Napoléon and Marie-Louise: the politics of love
This year is the bicentennial of the marriage of Napoléon Bonaparte and Archduchess Marie-Louise of Austria and, amazingly enough, this is the first time an exhibition is dedicated to dedicated to this second Empress of the French. This one is set in the palace of Compiègne, 70 miles north-east of Paris.
In 1810 Napoléon was freshly divorced from Joséphine, who had been unable to produce an heir. He was intent on founding a dynasty. This prestigious union with a Habsburg princess was also designed to comfort his legitimacy in the eyes of the French and indeed all of Europe. His new bride was twice, though her father, Emperor Francis II and her mother, Maria Teresa of Naples, grand-niece of Marie-Antoinette.
And in 1770 a fourteen-year Archduchess Marie-Antoinette had been greeted at Compiègne by Louis XV and her fiancé, the Dauphin Louis-Auguste, future Louis XVI. Now, forty years later, Napoléon wanted to proclaim himself the equal of the Bourbons by meeting a bride of the same bloodline in the same palace.
No expense or effort had been spared to impress Marie-Louise and make her stay delightful. The palace of Compiègne had been extensively redecorated for the occasion, works of art, chosen for their themes of love and fecundity, brought in from the Louvre, and furniture made to order for the arrival of the new Empress.
Napoléon is reported to have said that he was marrying un ventre, “a belly.” Marshall Berthier, dispatched to Vienna to bring the Archduchess to France, wrote his master, anxious to hear about her allurements, that Marie-Louise, “without being a pretty woman,” had “everything needed to make Your Majesty happy.”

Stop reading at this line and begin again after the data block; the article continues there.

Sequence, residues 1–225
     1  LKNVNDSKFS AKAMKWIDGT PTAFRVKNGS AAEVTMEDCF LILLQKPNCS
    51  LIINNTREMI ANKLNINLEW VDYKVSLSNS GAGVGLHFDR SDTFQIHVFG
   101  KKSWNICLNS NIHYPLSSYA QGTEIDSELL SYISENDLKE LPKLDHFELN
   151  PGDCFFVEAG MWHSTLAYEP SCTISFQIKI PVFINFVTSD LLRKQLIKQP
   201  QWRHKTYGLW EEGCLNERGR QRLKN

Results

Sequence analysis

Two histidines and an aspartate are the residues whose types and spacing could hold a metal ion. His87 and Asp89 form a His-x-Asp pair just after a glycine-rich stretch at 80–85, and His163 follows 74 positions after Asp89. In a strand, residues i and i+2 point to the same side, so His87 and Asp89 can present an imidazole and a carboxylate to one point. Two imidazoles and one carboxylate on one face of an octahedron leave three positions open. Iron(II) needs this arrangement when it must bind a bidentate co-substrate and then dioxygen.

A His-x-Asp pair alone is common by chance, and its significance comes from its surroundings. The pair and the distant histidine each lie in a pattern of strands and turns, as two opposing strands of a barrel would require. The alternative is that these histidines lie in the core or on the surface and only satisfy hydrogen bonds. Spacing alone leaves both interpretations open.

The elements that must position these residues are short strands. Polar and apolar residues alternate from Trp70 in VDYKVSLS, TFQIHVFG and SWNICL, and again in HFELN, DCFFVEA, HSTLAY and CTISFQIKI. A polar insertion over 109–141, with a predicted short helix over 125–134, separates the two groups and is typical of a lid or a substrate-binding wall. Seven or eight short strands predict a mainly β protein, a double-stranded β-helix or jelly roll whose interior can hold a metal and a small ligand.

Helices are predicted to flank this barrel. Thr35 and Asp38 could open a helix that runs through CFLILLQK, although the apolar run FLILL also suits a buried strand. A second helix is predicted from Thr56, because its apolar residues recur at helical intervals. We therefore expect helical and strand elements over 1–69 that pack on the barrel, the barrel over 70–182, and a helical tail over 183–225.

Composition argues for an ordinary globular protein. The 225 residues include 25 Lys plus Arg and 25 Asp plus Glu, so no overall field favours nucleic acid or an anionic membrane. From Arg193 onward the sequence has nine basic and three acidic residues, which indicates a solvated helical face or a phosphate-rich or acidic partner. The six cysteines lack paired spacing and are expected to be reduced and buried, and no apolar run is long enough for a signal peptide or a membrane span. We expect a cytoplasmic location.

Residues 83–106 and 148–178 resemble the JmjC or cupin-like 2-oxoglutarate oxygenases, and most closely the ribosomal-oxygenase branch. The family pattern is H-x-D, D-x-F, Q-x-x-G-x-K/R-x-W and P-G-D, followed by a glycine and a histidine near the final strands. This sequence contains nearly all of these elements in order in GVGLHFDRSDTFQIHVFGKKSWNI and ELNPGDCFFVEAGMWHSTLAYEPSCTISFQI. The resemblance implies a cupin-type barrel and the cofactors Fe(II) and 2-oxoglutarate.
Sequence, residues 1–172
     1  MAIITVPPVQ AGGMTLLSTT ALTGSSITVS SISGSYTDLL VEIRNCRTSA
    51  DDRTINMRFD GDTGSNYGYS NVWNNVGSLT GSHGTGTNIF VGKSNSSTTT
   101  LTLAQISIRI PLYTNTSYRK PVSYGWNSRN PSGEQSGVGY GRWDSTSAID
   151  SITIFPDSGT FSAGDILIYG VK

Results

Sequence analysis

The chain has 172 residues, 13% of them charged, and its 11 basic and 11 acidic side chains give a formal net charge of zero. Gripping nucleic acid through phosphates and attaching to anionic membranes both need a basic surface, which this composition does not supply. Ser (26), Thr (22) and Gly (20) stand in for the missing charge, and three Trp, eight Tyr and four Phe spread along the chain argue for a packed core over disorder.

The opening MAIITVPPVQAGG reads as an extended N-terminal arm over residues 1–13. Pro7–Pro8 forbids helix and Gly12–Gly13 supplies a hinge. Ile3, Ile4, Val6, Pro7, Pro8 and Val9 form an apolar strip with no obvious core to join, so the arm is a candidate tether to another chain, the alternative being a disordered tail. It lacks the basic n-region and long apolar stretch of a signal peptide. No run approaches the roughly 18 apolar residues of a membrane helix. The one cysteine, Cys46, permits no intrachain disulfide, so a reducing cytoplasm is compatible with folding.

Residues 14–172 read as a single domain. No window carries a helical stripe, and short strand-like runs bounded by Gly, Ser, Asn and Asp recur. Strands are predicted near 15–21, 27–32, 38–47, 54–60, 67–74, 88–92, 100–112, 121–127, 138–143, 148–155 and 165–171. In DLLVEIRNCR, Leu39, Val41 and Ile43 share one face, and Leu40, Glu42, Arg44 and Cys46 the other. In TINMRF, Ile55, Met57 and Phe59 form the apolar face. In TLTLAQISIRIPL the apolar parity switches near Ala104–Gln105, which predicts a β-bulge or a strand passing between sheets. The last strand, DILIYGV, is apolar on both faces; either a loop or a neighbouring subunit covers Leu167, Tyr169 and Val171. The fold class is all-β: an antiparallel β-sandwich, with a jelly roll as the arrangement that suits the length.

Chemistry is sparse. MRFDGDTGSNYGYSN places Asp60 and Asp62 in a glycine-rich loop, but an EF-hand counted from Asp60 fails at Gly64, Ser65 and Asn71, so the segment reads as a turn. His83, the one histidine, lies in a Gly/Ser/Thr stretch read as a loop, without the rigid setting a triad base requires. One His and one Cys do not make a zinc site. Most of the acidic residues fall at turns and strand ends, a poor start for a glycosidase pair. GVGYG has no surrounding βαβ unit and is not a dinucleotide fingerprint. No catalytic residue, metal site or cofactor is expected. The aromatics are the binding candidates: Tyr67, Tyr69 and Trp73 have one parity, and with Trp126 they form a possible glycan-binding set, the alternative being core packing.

As for Marie-Louise, she had been terrified and repulsed at the idea of marrying the boogieman of Europe, and considered herself a sacrifice. But Napoléon was immediately charmed by her, and would know in turn how to charm her. One of the secrets of his grip on power was his personal charisma.
He was totally attentive to Marie-Louise, barely leaving her side for the first month of the marriage. Within a year of the wedding, she was delivered of a boy, titled the King of Rome. The exhibition closes on the famous portrait of Marie-Louise holding the child.
But love, real though it was, was short-lived. It would not survive Napoléon’s defeat and abdication. For a while the idea of a regency, with Marie-Louise herself as regent during the minority of her son, seemed the most likely outcome. This was the solution favored by Alexander I, Tsar of Russia. But other forces were at work. England preferred to see the Bourbons restored. Fouché, Bonaparte’s minister of Police and most implacable enemy, saw to it that Marie-Louise returned to her native Vienna with her son, and the King of Rome never stepped onto any throne. Napoléon and Marie-Louise would never see each other again.
Back in Austria, still married to Napoléon, Marie-Louise would bear more children and, once widowed, she would marry again twice. And a dying Napoléon would call out Joséphine’s name. What politics had joined together, politics put asunder.
Photograph of Marie-Louise’s Bedchamber at Compiègne by Andreas Praefcke